ADVERTISEMENT

ADVERTISEMENT

EDITORIAL: Complaints about license requirements

State officials are weeping and wailing about new national licensing standards set during 2005 by Congress. The law requires residents to present a passport or state-certified birth certificate to obtain a driver's license. Further, states must v...

State officials are weeping and wailing about new national licensing standards set during 2005 by Congress.

The law requires residents to present a passport or state-certified birth certificate to obtain a driver's license. Further, states must verify those documents with the issuing agency. People who aren't U.S. citizens would have to provide documents proving their legal status.

Officials of several states contend the law will lead to higher costs, fees and delays.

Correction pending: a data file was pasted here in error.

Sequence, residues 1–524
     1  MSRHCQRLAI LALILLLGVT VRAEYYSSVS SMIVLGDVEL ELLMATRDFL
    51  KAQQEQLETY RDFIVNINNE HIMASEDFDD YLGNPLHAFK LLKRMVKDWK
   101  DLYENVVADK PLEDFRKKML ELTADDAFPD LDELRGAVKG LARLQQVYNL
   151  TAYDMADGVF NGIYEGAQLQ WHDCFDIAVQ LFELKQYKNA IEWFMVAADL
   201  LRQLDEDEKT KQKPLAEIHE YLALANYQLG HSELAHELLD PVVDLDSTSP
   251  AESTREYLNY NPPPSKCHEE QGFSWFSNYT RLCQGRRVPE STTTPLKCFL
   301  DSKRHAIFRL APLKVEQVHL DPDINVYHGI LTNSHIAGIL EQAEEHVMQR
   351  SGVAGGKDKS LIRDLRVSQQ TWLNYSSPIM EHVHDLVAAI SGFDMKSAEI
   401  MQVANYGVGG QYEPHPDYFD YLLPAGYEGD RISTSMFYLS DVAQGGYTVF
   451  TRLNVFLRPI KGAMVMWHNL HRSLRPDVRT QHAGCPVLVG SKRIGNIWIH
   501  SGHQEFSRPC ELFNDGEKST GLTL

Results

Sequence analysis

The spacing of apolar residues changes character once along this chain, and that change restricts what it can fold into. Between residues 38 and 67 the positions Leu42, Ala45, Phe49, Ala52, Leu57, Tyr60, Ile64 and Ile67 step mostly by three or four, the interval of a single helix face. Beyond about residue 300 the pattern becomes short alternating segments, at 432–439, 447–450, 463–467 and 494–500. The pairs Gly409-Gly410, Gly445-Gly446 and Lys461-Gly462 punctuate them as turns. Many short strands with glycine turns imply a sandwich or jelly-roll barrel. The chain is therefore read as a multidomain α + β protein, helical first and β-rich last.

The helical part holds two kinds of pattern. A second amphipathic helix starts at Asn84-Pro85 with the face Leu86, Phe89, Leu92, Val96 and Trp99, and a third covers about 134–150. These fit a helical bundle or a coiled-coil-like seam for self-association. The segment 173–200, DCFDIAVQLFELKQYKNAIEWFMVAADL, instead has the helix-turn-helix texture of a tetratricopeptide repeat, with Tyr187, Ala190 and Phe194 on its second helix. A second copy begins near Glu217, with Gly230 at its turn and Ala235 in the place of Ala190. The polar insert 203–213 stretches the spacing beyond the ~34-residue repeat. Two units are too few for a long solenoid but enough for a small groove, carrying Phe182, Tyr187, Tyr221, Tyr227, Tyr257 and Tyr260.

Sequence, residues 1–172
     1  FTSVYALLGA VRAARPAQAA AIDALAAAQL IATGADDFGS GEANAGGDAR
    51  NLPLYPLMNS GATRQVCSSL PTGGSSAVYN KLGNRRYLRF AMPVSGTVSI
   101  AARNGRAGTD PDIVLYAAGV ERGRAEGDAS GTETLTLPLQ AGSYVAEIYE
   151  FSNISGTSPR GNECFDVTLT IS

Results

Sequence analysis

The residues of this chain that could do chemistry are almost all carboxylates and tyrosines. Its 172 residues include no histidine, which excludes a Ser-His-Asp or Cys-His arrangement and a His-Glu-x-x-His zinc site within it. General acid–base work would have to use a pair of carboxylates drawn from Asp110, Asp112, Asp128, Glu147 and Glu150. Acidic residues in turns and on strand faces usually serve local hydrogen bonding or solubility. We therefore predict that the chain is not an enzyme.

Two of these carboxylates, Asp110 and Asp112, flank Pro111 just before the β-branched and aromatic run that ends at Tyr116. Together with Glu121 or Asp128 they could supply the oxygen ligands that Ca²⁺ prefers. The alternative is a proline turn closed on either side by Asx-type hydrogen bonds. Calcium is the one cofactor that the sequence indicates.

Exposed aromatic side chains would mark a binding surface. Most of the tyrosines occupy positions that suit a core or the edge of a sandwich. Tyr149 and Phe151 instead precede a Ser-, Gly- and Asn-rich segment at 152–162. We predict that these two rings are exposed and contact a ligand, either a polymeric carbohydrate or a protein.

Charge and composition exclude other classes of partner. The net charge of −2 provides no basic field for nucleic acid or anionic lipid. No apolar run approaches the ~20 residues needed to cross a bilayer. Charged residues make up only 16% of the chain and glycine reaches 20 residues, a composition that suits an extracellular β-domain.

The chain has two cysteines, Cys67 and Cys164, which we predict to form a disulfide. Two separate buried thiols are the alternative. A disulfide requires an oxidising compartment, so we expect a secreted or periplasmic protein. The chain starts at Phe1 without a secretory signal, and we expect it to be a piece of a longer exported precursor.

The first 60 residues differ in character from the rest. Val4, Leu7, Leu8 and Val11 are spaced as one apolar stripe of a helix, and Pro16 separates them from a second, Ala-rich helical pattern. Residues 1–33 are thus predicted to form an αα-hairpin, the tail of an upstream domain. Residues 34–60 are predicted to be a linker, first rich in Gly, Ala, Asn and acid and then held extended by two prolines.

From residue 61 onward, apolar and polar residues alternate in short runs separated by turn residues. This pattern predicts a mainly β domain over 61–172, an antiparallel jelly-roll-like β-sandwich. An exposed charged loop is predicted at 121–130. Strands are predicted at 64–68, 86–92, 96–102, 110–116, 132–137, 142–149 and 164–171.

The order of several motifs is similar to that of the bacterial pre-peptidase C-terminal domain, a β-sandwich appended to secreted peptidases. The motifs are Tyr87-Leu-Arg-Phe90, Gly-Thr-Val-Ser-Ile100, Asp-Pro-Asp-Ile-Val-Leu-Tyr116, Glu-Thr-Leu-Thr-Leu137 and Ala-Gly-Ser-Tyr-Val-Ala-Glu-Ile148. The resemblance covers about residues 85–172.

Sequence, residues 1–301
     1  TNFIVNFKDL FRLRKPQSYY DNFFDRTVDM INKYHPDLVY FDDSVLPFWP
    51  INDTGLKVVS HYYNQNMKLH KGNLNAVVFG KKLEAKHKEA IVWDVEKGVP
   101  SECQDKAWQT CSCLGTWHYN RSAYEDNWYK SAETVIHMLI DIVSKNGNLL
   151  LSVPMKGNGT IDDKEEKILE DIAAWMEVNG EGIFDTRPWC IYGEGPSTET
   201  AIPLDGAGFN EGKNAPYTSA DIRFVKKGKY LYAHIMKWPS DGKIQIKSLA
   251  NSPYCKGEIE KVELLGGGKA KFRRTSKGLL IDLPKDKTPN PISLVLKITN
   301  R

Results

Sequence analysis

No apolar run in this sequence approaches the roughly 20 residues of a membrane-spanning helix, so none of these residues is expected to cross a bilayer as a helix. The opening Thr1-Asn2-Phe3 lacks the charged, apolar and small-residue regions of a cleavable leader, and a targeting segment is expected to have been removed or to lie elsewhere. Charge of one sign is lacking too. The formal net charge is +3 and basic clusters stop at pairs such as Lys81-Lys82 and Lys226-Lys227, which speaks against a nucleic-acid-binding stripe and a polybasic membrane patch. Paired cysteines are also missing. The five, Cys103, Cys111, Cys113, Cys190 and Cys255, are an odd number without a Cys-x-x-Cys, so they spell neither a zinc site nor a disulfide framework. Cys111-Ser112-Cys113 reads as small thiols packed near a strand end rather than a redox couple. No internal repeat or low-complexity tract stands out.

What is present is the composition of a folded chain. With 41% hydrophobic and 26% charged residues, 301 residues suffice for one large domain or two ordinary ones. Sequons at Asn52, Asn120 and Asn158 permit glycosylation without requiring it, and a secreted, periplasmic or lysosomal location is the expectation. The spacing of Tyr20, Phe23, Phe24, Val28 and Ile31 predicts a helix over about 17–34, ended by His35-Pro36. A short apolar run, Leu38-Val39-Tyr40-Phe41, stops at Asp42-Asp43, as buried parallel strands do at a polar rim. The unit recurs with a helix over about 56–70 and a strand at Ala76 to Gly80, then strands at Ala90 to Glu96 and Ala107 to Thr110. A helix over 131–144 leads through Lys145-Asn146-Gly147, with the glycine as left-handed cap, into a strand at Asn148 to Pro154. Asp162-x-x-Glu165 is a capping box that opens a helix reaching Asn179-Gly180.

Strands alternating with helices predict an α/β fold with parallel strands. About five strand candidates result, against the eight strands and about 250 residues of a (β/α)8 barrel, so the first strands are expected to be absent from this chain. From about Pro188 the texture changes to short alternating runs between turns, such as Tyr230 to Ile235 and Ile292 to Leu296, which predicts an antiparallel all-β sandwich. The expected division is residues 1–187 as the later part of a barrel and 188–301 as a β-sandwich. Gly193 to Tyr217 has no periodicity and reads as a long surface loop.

This is in stark contrast to what Americans were saying on Sept. 11, 2001. The senseless murder of more than 2,700 people prompted virtually everyone to say they'd pay more and wait longer in line to ensure their safety. How soon we forget.

This isn't the only instance in which Wisconsin officials seem overly hesitant to require proper identification. The same holds true for voting, as some fear tough ID requirements would be unfair to immigrants and homeless people.

ADVERTISEMENT

But let's realize a driver's license is an officially recognized identification card. If virtually anyone can get one without strong documentation, that value is lost. It means nothing.

No doubt, there's some paranoia among those who fear a totalitarian "big brother" mentality lurks within our federal government. And that has been made worse because the Bush administration has circumvented the courts when inspecting individuals' telephone and financial information in its fight against terrorists.

President George Bush, however, won't be president forever. But the need for legitimate anti-terrorism measures will go on. The latest identification law seems legitimate, while costs and time delays seem reasonable. Receiving a driver's license is a privilege, not a Constitutionally guaranteed right.

What To Read Next